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How to Grow Fresh Herbs

By Amma Marfo ; Updated September 21, 2017
Fresh herbs can add flavor to any dish.

There’s nothing quite like growing fresh herbs for use in the kitchen, in decorative displays or for drying. There are so many varieties of herbs with different fragrances and flavors that you can grow dozens of herbs and never have more than one of any variety. Select the herbs you want to grow and use, whether annuals or perennials. Just by preparing a bed and planting them, you will be ready to start collecting fresh herbs as soon as your plants are large enough.

Prepare the herb bed by loosening the soil, digging up to 8 inches deep and using the shovel to break apart clumps of dirt. Spread a layer of garden soil or compost 4 inches deep over the herb bed, and work it into the soil by digging the area again and turning the soil to mix it.

Follow the spacing guidelines for the types of herb you are growing, and plant your seeds and seedlings at the appropriate depth. Cover seeds lightly and press the soil around transplants gently, so neither are packed in without room to grow.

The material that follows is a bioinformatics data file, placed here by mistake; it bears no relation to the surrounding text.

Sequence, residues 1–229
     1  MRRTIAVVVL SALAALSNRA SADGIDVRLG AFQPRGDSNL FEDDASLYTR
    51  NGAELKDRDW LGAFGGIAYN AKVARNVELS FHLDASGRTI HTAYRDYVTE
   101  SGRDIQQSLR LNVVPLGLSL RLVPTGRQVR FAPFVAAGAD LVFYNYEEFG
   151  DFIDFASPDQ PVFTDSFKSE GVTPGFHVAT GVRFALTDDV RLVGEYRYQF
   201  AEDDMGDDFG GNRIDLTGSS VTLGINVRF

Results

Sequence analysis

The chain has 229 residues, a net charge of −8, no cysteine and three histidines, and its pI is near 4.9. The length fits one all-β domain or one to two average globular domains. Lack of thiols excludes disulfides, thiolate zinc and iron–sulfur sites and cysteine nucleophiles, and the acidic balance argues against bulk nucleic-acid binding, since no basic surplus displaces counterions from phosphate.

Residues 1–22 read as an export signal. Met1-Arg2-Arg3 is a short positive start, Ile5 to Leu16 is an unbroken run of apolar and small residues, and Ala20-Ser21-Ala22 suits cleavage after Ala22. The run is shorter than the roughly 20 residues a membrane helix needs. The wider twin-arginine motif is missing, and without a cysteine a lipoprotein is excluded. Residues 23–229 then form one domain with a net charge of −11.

Water the soil well to moisten it, and keep the soil fairly moist for the first few weeks as the seeds come up and the seedlings show new growth. Water twice weekly, as needed, to keep the herbs lush.

Feed your herbs by working well-composted manure into the top few inches of soil in the spring each year before planting or around existing plants.

Clip usable fresh herbs as soon as available based on the type of plant you’re growing. While some herbs can be clipped here or there, others do better if you wait until just before flowering.

Use fresh herbs immediately, or place them in a plastic baggie and store in the refrigerator for up to a week. If you aren’t going to use your herbs fresh, then hang them upside down in bunches to dry.


Things You Will Need

  • Shovel
  • Potting soil or compost
  • Hand trowel
  • Herb seeds or seedlings
  • Well-composted manure
  • Herb scissors


  • Where you place your herb garden should be determined by the types of plants you plan to grow and their light requirements. While many herbs are fine in full sun, others may do better in partial shade, so consult the seed packet or plant stake for information.
  • Depending on your garden area and preference, you can use mulch around your herbs to help keep moisture in the soil and stop weeds from growing.